Hospital defends cleanliness

HEALTH bosses last night defended the cleanliness of the A&E department at Suffolk's biggest hospital after a volunteer worker told the EADT it was “filthy."

HEALTH bosses last night defended the cleanliness of the A&E department at Suffolk's biggest hospital after a volunteer worker told the EADT it was “filthy.”

Nick Whight, who sits on the Ipswich Hospital A&E user group and volunteers in the department twice a week, said he feared that patients are at risk of infections unless hygiene is tightened up.

But last night a spokeswoman for the hospital said that cleaning time had been increased - although she conceded the issue had been “a concern” for the trust.

Mr Whight said: “I think speaking out is the only way that things are going to get better. The A&E is

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“There's always an issue with cleaning in A&E - it's never been done properly and it seems they only clean what they want to clean, like the floors.

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“There used to be a cleaner in there eight hours a day but now it's really only three hours a day. I've brought it up at several user group meetings because it's definitely gone down the pan.”

Mr Whight added: “The cleaners don't seem to do any high dusting and I'm told it's because of health and safety.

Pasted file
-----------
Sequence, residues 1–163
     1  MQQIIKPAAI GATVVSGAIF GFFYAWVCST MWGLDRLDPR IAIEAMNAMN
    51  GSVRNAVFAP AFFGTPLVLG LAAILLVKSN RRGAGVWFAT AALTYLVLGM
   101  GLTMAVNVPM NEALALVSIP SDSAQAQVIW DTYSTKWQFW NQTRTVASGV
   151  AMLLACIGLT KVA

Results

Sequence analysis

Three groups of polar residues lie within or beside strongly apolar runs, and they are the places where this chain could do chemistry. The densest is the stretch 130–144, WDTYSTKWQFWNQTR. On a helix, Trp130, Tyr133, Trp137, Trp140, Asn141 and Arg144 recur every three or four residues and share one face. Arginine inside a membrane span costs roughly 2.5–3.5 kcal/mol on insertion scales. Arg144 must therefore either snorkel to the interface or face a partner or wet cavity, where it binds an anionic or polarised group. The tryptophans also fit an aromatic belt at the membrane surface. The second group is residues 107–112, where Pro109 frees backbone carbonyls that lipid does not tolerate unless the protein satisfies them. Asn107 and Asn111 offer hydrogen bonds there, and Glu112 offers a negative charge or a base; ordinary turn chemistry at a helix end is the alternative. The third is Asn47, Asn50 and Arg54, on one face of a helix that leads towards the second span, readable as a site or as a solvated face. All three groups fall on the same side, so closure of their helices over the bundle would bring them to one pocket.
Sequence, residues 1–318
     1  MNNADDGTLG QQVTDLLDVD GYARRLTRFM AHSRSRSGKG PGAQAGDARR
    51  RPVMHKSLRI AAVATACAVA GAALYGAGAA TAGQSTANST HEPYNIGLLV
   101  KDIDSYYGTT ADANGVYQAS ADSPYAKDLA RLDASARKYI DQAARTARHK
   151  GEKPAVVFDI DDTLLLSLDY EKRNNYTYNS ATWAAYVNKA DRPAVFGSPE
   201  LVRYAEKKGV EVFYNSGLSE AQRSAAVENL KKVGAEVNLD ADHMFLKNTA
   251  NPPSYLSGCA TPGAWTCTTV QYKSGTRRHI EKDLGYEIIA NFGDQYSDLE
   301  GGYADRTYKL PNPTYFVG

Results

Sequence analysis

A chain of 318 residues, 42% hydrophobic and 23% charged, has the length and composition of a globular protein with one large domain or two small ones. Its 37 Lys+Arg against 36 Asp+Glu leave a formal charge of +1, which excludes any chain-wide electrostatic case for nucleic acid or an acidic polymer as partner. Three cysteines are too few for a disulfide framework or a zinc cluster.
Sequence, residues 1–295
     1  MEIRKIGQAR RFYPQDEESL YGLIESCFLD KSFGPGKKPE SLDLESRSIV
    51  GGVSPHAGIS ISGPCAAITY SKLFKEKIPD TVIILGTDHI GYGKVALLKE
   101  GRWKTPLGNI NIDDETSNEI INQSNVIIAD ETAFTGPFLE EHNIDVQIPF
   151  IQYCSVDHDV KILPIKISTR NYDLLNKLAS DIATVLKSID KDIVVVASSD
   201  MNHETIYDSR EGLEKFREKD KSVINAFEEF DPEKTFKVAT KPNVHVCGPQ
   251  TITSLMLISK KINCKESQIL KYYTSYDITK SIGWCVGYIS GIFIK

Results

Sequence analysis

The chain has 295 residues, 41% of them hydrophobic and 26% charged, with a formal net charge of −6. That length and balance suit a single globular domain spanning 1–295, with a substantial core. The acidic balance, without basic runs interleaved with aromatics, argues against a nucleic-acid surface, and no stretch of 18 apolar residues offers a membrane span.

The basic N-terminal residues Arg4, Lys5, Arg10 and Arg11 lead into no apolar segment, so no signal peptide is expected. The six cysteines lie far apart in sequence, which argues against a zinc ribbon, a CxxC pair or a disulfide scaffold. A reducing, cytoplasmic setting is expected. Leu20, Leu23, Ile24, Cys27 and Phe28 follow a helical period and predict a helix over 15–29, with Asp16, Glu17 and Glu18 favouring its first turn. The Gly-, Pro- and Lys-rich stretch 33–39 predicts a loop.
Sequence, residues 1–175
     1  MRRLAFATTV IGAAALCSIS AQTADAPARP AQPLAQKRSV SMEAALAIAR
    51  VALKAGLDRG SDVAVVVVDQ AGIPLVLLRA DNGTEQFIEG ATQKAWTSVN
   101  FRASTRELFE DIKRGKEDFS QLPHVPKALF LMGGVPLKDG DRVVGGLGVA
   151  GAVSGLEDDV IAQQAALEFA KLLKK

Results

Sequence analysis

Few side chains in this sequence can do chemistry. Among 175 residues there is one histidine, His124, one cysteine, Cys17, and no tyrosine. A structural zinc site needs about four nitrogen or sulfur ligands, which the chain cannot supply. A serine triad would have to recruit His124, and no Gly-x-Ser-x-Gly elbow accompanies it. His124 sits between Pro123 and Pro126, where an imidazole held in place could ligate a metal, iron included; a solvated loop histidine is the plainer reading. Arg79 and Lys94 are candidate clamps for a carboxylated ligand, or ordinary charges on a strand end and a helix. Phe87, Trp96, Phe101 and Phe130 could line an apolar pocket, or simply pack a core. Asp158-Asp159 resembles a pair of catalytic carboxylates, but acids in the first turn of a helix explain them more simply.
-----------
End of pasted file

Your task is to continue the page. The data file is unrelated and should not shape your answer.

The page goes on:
“We have TV's in the department and they are absolutely filthy - absolutely layered in dust. Then the other day we had a guy in A&E who leant on one of the vending machines, put his hand on top of it and it was covered with horrible, thick black dust.

“There's a water machine in there which is also filthy - I would never drink out of it. And there are cobwebs all over the ceiling and dust on the curtain rails.

“There's even sometimes blood on the floors and if nobody comes round to clean it then it just lies there.

“There must be loads of germs knocking around there. If you get somebody who has an open wound, which obviously quite often happens in A&E, are they going to get infected? I would say yes.

“They don't seem to be bothered about A&E - but surely it should be one of the most important places to clean? Something needs to be done about it.”

Responding to Mr Whight's concerns, the hospital spokeswoman stressed that his views were one person's perspective on the situation.

She added: “Cleaning in A&E has been a source of concern to the Trust, although it has never dropped below 8 hours.

“In response to those concerns a decision was taken to increase the level of cleaning to 13 hours since early February.

“It's a particularly busy part of the hospital with literally hundreds of people coming in every single day, but we have increased the amount of cleaning and it is scrupulously monitored.

“Because of the nature of the environment it's possible that there could be spillages of blood but it's cleaned as quickly and as thoroughly as possible.”

She continued: “I would urge Mr Whight to share his concerns with his colleagues in the hospital so we can address them - if there's anything wrong we would take action immediately.”

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